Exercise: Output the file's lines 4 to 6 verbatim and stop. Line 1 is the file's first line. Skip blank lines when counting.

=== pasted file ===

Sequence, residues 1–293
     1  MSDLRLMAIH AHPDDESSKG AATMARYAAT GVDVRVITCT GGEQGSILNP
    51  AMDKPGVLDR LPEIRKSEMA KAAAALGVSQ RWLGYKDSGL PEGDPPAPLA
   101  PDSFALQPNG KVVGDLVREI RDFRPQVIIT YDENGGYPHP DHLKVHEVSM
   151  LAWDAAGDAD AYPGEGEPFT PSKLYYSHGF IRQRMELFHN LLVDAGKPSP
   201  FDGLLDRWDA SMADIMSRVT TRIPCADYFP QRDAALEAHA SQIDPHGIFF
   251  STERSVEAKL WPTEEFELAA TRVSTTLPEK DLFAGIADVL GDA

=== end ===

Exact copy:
   101  PDSFALQPNG KVVGDLVREI RDFRPQVIIT YDENGGYPHP DHLKVHEVSM
   151  LAWDAAGDAD AYPGEGEPFT PSKLYYSHGF IRQRMELFHN LLVDAGKPSP
   201  FDGLLDRWDA SMADIMSRVT TRIPCADYFP QRDAALEAHA SQIDPHGIFF